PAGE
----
Vitamin C is also needed to make collagen. Since wrinkle formation is linked to the loss and breakdown of collagen, vitamin C could help minimise the appearance of wrinkles and maintain healthy skin.8,9
Studies also show that skin health is associated with fruit and veggies intake. While the reasons are multi-factorial, and there are so many vital nutrients found in fresh produce, vitamin C is closely aligned with fruit and veggie intake because it’s found in high amounts in these foods.8
A study examining National Health and Nutrition Examination Survey (NHANES) data found that higher vitamin C intake was associated with a lower likelihood of wrinkled appearance and dry skin in more than 4000 women.10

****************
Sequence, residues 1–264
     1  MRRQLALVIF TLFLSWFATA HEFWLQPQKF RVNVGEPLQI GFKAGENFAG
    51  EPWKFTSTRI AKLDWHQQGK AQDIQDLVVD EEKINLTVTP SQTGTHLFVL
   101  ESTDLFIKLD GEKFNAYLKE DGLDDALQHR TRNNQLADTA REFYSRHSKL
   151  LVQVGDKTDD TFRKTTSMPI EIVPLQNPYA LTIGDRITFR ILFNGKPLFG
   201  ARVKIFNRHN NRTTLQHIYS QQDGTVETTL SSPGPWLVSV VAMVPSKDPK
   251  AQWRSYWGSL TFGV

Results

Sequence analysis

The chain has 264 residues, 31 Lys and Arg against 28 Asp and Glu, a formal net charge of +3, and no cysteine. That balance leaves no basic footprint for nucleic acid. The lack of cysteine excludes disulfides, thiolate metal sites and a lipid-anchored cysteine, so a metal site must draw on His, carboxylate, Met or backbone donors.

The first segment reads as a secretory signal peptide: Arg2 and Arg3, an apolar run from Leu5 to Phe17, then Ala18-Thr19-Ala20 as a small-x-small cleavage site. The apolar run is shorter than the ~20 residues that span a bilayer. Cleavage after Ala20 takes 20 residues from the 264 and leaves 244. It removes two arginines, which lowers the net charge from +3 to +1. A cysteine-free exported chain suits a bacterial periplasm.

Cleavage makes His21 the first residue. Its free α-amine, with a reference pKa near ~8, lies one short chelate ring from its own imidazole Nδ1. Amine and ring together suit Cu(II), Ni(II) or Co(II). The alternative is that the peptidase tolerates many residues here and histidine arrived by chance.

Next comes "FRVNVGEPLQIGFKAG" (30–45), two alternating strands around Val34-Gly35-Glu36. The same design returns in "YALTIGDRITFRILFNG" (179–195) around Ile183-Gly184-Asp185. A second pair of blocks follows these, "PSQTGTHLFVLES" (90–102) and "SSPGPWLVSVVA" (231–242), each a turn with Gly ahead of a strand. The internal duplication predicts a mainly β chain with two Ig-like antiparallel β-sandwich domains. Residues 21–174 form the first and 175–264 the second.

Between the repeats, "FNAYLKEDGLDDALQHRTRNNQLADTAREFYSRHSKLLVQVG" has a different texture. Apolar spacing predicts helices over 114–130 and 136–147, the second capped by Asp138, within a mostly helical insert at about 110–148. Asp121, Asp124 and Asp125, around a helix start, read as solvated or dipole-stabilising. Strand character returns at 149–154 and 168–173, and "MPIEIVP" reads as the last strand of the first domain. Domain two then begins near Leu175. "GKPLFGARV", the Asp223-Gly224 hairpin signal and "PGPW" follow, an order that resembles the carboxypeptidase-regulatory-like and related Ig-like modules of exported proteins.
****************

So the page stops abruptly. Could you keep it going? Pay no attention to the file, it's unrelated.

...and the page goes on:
Vitamin C could also support healthy hair by acting as an antioxidant and because it’s needed for iron absorption. Lower iron levels can lead to thin or dull hair, so vitamin C could play a role in maintaining healthy hair by aiding in iron absorption.11
Zinc is a mineral found in foods like oysters, beef, and pumpkin seeds. Zinc is needed for many functions in your body, including the protection of cells from oxidative stress, immune function, and support of skin elasticity and firmness.12 Like vitamin C, you need to get it from your diet because your body can’t produce it on its own. Because of these positive health benefits, Zinc is especially helpful for beauty-related products.13 Six percent of the total body zinc is found in the skin, and research suggests that lower zinc levels are linked to skin issues.14